“This is one of my first meetings here, among Brothers. I want to make sure I don’t do anything wrong, especially with our rituals—they are long-established, and I’d hate to get those rituals wrong. It’s been a half hour now and I’m doing fine, thank goodness. ….What’s this? I’m seeing an image. A Brother Mason. He’s entered our large meeting room and he’s walking the room’s length to the lead officer. I’m the only one that can see him. All these guys in the room here can’t. None of them know I’m a psychic medium, none know of my abilities. This secret I keep from them, for fear of being branded as a kook. He’s an older man, grayish hair, dressed in a basic dark suit. He stops at the bottom of the steps leading to the Lodge’s Master. Stares up at the Master and gives the Masonic greeting salute. He looks puzzled, confused. He asks, ’Why don’t you return my salute?’ He hesitates. After a few seconds, the man turns right and walks across the room back out the door through which he came in. I’m terrified, what the heck was that all about?!”—Karl Petry
The Masonic Lodge on Second Avenue has stood proudly for over sixty years in Lyndhurst, NJ. You can
easily mistake it for a church with its white color and lit stained glass window facing the street. The Freemasons call the building by its official name, “Adoniram Lodge”.
Many Masons have come and gone through the lodge’s doors and walked its halls. Over the years members grow absent, through sickness, moving away, or those random surprises life throws in all our paths. In the case of Adoniram Lodge, one man continues to be a constant presence…and his membership continues after death.
After Brother Karl Petry’s first encounter with this specter, the scene happened again at the very next meeting. The same routine played out. Karl was shaken now. He felt he had no choice but to approach the Master of the lodge and tell him what he had—now twice—witnessed. “Based upon many past experiences with these situations, I was unsure how he would react to my narrative–typically, this is a moment I always dread: people grow suspicious, wary, even distrustful toward me, and I certainly didn’t want that to be the case in this situation,” Karl related to me.
Karl approached the Master—L. Mark Tirgrath—over the phone the next day. Karl explained the experiences. Mark sounded intrigued yet cautious, which wasn’t surprising. After some silent thoughtful moments Mark requested Karl meet him at the lodge, he said he wanted to show Karl something.
Karl met Mark there. They went into a cabinet of archival material, and Mark pulled out a photograph showing many Masons posing. It was an officers’ photo of several years prior. Mark asked Karl if the specter looked like anyone in the photograph. “They were all persons I never saw before, except for one. I pointed to an older man in the second row from the bottom, on the right. I told Mark, ‘Him’.”
Mark looked surprised. He looked down at the picture and up at Karl, replying, “That’s Ed Reynolds.” Karl asked, “Who’s Ed Reynolds?”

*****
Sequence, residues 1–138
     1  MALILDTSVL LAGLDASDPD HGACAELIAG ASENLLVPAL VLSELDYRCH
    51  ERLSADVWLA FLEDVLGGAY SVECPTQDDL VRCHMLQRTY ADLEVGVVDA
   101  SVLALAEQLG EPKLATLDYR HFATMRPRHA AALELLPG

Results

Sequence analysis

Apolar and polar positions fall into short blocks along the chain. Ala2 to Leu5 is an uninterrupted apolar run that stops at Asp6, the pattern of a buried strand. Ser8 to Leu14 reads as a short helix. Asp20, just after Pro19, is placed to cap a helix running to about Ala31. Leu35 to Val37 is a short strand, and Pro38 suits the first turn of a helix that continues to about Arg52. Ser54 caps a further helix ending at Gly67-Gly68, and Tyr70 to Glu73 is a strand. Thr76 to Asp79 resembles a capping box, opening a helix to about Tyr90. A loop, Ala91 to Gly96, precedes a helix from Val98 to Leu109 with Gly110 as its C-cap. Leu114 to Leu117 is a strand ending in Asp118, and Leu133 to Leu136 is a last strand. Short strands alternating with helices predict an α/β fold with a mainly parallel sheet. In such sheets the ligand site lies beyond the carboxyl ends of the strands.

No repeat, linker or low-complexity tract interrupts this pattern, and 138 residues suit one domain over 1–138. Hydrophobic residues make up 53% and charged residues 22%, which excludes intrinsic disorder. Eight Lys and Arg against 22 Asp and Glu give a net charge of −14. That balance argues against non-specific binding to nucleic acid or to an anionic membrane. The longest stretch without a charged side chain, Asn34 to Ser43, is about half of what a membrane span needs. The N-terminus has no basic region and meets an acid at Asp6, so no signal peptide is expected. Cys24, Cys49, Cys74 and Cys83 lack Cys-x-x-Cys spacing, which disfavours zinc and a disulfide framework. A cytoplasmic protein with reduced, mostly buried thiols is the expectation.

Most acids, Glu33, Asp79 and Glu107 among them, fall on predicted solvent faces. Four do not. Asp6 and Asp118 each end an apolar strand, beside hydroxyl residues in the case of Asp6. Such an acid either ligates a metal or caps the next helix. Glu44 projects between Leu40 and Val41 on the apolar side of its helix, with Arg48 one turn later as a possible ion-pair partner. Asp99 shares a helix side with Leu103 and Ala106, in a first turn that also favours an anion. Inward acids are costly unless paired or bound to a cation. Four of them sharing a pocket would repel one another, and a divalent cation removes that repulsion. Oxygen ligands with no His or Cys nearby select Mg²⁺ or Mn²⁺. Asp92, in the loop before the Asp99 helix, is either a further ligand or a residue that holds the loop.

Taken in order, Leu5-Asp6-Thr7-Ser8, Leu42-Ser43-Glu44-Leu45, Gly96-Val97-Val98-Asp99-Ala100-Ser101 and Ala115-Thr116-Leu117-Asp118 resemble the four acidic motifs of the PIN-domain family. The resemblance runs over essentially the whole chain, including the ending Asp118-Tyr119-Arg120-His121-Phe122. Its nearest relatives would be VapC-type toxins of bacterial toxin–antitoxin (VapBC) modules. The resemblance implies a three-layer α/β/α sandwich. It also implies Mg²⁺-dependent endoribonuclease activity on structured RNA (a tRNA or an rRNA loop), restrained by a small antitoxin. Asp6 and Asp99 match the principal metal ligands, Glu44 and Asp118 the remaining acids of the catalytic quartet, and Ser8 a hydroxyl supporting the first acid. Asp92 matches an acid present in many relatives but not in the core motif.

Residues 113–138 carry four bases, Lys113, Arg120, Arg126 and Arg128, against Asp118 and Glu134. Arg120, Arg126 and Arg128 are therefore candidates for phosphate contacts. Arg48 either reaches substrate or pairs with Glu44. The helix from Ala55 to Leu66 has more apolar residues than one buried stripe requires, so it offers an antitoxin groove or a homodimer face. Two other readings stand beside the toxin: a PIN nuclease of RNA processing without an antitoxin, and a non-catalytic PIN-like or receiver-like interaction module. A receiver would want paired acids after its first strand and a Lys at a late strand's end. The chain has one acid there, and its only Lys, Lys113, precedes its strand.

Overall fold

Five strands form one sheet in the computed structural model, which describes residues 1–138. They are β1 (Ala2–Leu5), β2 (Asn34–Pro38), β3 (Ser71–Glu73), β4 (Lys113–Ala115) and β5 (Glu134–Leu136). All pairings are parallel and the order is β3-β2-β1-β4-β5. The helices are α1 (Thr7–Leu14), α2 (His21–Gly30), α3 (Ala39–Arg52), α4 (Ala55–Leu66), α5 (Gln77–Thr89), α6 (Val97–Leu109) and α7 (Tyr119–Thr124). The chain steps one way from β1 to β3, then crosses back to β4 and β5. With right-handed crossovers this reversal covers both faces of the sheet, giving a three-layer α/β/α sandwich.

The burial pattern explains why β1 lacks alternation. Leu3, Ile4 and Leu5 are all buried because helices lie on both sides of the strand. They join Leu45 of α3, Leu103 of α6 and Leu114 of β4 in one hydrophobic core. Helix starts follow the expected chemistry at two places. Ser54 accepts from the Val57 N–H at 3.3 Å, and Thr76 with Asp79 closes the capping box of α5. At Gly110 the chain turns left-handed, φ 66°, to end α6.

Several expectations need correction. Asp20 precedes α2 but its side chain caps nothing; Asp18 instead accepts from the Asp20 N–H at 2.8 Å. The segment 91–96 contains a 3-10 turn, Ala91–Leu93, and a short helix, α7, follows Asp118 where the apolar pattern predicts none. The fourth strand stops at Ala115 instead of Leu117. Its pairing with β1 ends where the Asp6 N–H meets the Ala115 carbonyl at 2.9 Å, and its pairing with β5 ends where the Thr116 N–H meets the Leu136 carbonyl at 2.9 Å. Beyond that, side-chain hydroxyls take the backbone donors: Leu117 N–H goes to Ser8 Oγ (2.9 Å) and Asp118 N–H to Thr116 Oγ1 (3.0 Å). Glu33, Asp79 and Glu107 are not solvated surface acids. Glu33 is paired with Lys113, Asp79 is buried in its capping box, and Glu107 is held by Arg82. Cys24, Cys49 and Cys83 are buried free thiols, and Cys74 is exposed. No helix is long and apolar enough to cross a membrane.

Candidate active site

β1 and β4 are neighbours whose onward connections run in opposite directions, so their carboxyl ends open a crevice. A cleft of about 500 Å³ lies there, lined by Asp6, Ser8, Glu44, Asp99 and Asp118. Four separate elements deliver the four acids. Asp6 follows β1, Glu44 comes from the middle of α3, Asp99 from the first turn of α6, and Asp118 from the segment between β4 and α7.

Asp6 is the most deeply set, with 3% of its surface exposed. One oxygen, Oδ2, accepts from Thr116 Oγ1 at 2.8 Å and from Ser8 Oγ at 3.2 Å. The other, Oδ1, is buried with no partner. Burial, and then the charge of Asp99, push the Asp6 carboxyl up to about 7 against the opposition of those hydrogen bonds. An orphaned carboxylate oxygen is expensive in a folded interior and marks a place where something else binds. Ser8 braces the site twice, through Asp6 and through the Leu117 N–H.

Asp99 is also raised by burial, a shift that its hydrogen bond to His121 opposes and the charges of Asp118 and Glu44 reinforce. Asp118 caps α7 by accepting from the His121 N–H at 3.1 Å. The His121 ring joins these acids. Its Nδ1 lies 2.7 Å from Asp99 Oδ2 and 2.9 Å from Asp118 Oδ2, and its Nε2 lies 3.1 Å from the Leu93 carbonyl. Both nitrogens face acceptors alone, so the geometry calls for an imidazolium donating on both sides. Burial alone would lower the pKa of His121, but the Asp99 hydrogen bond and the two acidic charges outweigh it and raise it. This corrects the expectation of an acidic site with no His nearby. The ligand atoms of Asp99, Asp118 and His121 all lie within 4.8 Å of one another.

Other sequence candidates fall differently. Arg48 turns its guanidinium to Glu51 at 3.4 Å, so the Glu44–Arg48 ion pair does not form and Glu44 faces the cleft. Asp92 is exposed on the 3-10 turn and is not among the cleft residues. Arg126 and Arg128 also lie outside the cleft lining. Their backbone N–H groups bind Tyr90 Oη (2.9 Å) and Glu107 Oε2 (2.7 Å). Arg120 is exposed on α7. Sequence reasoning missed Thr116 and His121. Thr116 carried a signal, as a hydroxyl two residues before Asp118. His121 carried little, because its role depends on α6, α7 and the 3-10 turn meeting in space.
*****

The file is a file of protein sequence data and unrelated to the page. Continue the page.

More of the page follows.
“He was secretary of our lodge for many years, and he was my secretary in my previous term. Ed died in his driveway three years ago. It was snowing outside, and he was taking shopping bags from his car to the house. He slipped in the driveway, hitting his head on the ice and knocking him out.” Choking up Mark finished, “He froze to death….he was found the next morning frozen to death.”
Mark and Ed had developed a very strong bond when Master and secretary, respectively. A lodge’s secretary is literally the Master’s right-hand man. The secretary gets paperwork out to the members, maintains the lodge’s activity records, and communicates with other lodges on the Master’s behalf. Mark and Ed’s friendship ran deep, and Mark’s sadness was still heavy while recounting Ed’s death to Karl several years later.
Ed’s spirit first made himself known to his lodge brothers when there was a great deal of negative tension among the membership back in 2008. You see, Ed cared a great deal about his lodge. He spent many years overseeing its operations, and put much time and energy into seeing it succeed. The dissension within the ranks would bring the lodge into disarray and, possibly, its ultimate demise. Ed didn’t want to see such a turn of events occur. …And he made his feelings known, emphatically!
During meetings, Ed would stomp up and down the hallway stairs. He would stamp about in the attic, directly over the meeting room. He would move objects—as small as glass cups and bottles, and as large as chairs—during meetings. He would play with the electric, dimming or turning lights on and off. After closing the building for the night, lights would be turned back on. Ed made enough commotion to disturb meeting protocols, cause members to make random visits to the building throughout the day to make sure all was in order, and create general nervousness.
As things eventually calmed down and problems were solved among the men, Ed calmed down. To this day, Ed reminds us that he’s still around. He hides belongings or switches objects. Karl adds, “I know he’s still there, I feel him every now and then…he just wants the other guys to know too.” As a senior officer in Adoniram Lodge, I—the author—have heard the loud steps and seen the strange antics. Mark, myself, and the rest of us, now know who and why these events have occurred in our lodge, thanks to Karl.
Jason A. Vigorito divides his time between Punxsutawney, PA, and northern NJ. He is Senior Warden of Adoniram Lodge.